Ground-breaking immune therapy leading cancer fight

Researchers from the Centre for Cancer Biology have opened a new clinical trial using genetically engineered immune cells to treat solid cancers.

Phase 1 of the clinical trial will reportedly test the feasibility and safety of CAR-T cells (genetically modified white blood cells that have the ability to kill cancers) to treat advanced solid tumours including, small cell lung cancer, sarcomas and triple negative breast cancer.

“Chimeric antigen receptor (CAR) T cells are a promising new technology in the field of cancer immunotherapy,” said UniSA’s Dr Tessa Gargett, a Cancer Council Beat Cancer Project Early Career Fellow from the Centre for Cancer Biology.

“Essentially, CAR-T cells are super-powered immune cells, which work by enlisting and strengthening the power of a patient’s immune system to attack tumours.”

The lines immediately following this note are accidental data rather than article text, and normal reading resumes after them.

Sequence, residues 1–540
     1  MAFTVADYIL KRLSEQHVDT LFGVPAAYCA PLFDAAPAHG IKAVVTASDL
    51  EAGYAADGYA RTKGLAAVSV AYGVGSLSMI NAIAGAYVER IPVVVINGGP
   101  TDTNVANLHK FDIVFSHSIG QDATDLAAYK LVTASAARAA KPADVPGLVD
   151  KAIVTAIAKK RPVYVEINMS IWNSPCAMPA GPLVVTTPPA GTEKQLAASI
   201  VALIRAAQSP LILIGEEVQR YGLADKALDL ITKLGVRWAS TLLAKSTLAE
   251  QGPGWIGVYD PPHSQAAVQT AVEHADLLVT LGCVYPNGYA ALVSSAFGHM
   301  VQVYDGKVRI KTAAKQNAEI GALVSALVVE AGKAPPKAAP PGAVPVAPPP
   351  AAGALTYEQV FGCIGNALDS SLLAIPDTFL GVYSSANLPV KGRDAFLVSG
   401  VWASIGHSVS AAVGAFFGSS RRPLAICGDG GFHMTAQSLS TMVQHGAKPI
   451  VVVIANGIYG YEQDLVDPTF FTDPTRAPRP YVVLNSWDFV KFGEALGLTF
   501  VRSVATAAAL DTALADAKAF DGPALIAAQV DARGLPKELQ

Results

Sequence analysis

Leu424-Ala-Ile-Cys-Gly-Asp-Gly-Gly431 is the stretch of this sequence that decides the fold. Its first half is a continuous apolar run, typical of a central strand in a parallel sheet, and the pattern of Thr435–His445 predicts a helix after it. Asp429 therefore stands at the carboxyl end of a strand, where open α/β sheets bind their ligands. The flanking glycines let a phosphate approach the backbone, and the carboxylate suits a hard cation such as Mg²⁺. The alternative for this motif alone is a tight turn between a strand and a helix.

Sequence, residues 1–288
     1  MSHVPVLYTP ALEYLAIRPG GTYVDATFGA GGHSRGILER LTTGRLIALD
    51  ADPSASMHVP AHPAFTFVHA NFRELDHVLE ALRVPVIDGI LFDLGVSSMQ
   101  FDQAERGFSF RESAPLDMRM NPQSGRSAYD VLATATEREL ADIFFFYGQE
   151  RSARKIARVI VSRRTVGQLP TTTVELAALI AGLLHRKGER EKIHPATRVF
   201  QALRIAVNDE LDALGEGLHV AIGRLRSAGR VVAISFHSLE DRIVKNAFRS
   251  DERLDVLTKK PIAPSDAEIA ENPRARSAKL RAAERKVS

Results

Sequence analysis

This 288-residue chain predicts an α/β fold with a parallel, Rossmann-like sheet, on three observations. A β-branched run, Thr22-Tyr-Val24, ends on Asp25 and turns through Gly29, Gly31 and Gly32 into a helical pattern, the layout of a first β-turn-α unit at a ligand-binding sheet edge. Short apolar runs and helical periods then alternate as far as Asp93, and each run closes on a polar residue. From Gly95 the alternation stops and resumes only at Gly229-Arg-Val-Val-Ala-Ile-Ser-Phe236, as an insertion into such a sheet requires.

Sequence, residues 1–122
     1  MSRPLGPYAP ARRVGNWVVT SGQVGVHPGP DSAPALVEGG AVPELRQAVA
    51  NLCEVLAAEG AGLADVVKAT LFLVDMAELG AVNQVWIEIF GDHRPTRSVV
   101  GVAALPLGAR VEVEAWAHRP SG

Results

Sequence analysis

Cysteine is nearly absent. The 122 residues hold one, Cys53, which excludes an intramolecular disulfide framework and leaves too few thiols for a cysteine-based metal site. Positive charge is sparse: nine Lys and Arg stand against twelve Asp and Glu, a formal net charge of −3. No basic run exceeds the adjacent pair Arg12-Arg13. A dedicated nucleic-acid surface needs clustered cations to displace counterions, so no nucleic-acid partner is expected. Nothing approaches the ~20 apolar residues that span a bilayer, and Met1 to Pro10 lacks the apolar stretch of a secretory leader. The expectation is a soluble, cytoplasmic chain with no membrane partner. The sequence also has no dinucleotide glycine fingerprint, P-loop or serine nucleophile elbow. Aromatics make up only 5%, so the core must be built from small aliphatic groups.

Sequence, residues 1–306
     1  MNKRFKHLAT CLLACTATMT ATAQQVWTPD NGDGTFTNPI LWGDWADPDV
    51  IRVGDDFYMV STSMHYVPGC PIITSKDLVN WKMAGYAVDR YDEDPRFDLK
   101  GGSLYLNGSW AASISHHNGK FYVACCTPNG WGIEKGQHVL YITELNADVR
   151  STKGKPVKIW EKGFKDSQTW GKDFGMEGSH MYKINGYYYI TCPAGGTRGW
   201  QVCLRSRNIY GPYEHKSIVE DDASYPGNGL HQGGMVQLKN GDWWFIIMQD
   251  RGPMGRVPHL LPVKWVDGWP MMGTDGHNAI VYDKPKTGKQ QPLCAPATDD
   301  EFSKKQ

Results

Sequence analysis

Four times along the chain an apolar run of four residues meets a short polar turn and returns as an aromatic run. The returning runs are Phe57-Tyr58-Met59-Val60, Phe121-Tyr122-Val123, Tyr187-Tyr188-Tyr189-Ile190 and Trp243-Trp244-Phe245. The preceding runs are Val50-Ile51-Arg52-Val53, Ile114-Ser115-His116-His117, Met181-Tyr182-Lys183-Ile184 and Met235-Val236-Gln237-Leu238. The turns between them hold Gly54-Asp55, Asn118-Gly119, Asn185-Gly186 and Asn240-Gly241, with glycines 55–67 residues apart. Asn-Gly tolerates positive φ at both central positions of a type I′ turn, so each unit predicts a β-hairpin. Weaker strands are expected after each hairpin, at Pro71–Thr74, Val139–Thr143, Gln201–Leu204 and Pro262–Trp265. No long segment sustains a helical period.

Leading the clinical trial is the Centre for Cancer Biology – an alliance between University of South Australia, the Central Adelaide Local Health Network (CALHN) and the Royal Adelaide Hospital.

The research is said to form part of the ‘CARPETS’ phase 1 clinical trial initiated by Professor Michael Brown, Director of Clinical Trials Unit at RAH.

The trial is reportedly funded by Cancer Council’s, Beat Cancer Project and sponsored by CALHN.

“Through Cancer Council’s Beat Cancer Project and generous donations from the community over the past eight years, we’ve been able to contribute over $15m towards ground-breaking research initiatives,” Cancer Council SA Chief Executive, Lincoln Size said.

“Partnering with the University of South Australia, the RAH and CALHN on this leading immunotherapy trial is bringing [a cancer free future] on step closer, and we’re proud to be part of this very important work.”

Friday, August 23 is Daffodil Day. For more information or to donate to cancer research, visit –

For more information on Cancer Council’s Beat Cancer Project, visit –

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